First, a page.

I first started sensing the void during graduate school. After college, in my early 20s, sometimes I would get in a funk, for no good reason. Life in graduate school was pretty good. It didn’t pay much, but it was a pretty good lifestyle. I had lots of friends, girlfriends, and a promising career path. But I would just get in these funks, when everything felt so empty. I remember thinking to myself: “what is wrong with me? What do I have to complain about? This is a good life.” But it just wasn’t enough. When I would think about the future, about what to do after graduate school, what to do with my life, I would feel an overwhelming with a sense of dread and hopelessness. I didn’t have anything to look forward to, long term. All the stuff you’re supposed to look forward to, a career, marriage, a family, a house, none of that felt like it would give meaning to my life.
What was missing was meaning, a purpose.
Working for a big, soulless corporation, or staying in research, studying molecular biology, neither of those gave me a sense of purpose. Thinking about a life that stretched on into the future, there was nothing to look forward to.
It was around this time I remember reading some of Jim Morrison’s writings about the void, I think it was in the book Riders on the Storm, by John Densmore. (It seemed like he wrote about the void a lot, but now I can’t find any references to it. Maybe it wasn’t really a lot, it just seemed like it, because it stuck with me.) That word, the void, it seemed to give name to what I was experiencing. The feeling that something was missing, that there had to be more to life than this.
After finishing grad school, I came closer to the edge of the void. My fledging freelance science writing career didn’t provide the meaning I hoped it would, nor did it pay the bills. I was hanging out with friends who liked to go out drinking and chasing women. All these factors were leading into a downward spiral. (It was at this time, on my 30th birthday, when I blacked out for the first time from drinking too much alcohol.)
This sounds so cliche, but it was at this time, when things were at their bleakest, that I found hope. I found meditation, and a teacher who showed me how to find meaning, how to find connection, how to find hope. And I found a community of like-minded people that made me feel less alone. I don’t know where I’d be right now if I hadn’t found hope at that time, when I needed it most, but it probably would not be a good place.
After ten years of studying meditation, spirituality, and eastern philosophy, I think the void is the result of a soul leaving the cosmic oneness of eternity and reincarnating in a physical body. (I use the word eternity here, but you can substitute many different words: God, the universe, Allah, whatever word you want to use for that concept of a “higher power”.) As the soul develops, it starts to identify with the mind and the physical body. We start to believe that this body is all we are and that reality is limited to what can be perceived through the physical senses. For a sensitive soul, this feels isolating, empty, meaningless. It leads to soul-sickness. We try to fill the void, with work, relationships, marriage, children, drugs, alcohol, shopping, partying, drama, conflict. Anything to provide some brief enjoyment and pleasure, or at least distract us with intense feelings of any kind, positive or negative.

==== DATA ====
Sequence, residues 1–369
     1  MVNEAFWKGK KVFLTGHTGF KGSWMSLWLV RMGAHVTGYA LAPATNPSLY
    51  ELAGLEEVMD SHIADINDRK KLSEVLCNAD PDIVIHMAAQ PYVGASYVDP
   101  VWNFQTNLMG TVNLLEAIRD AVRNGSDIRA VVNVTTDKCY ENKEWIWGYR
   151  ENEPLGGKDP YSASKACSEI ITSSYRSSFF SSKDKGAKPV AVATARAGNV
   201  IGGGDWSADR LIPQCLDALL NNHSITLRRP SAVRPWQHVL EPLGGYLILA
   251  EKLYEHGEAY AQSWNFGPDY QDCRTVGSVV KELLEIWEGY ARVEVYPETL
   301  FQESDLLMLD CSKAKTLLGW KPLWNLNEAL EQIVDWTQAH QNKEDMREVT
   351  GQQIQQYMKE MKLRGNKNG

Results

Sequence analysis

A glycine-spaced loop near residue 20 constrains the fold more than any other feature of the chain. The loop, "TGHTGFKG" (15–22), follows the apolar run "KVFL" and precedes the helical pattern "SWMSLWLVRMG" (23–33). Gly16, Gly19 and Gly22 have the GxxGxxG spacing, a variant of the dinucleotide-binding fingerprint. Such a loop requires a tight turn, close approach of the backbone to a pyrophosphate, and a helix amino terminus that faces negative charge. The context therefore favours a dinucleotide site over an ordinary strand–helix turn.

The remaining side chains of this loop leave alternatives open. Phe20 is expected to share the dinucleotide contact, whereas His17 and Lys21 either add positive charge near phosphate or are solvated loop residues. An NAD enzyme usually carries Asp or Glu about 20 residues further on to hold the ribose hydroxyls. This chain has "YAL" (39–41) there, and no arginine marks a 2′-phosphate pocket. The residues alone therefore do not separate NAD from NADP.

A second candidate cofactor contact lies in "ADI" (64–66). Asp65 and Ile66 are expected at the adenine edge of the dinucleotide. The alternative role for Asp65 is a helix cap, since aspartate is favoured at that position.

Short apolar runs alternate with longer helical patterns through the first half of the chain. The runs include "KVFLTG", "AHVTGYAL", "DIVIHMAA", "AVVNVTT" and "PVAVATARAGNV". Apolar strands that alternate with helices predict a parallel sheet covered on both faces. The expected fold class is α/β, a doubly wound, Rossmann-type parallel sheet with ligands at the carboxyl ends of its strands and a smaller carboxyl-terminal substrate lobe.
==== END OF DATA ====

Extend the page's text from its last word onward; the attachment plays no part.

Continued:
Some people are more sensitive to it than others, I’m not sure why. I think some people instinctively learn to adapt, to deal with it, take comfort in the life they create. Others don’t adapt, and just look harder and harder, becoming workaholics, alcoholics, rageaholics, drug addicts, addicts of other kinds. For some people, nothing in the world will cut it, because nothing in the world will fill that void, nothing can stop that feeling of isolation from eternity, feeling cut-off from God.
Those who are lucky find something that brings them back to God, back to eternity, whether it’s religion, meditation, spirituality, AA, or family. The lucky few find something to help them find that connection to a higher power, to find meaning in the emptiness, hope in the darkness.
I was lucky to find meditation, and a teacher who showed me how to find that connection within myself. Even though it appears to our senses that we’re born isolated in these physical bodies, that’s not the whole picture. A good metaphor I’ve heard is of a wave, breaking in the ocean. Each individual wave rises out of the infinite ocean, starting as a small swell, then cresting in a glorious, dramatic crash before subsiding back into the ocean. But during that whole lifetime of the wave, even though it is it’s own distinct entity, with its own unique personality and identity, it never ceases to be part of the ocean. So it is with us, we rise up out of the infinity of creation, with our unique identities, and lead our glorious, dramatic lives. But underneath, we’re still connected to eternity. It’s only the mind, conditioned by society, that believes our being is limited to the physical body. The mind imagines the void, the mind creates the emptiness. When you quiet the mind, the void doesn’t feel so empty or meaningless. When you quiet the mind, you can feel connection to Eternity, you can feel the love the surrounds us all.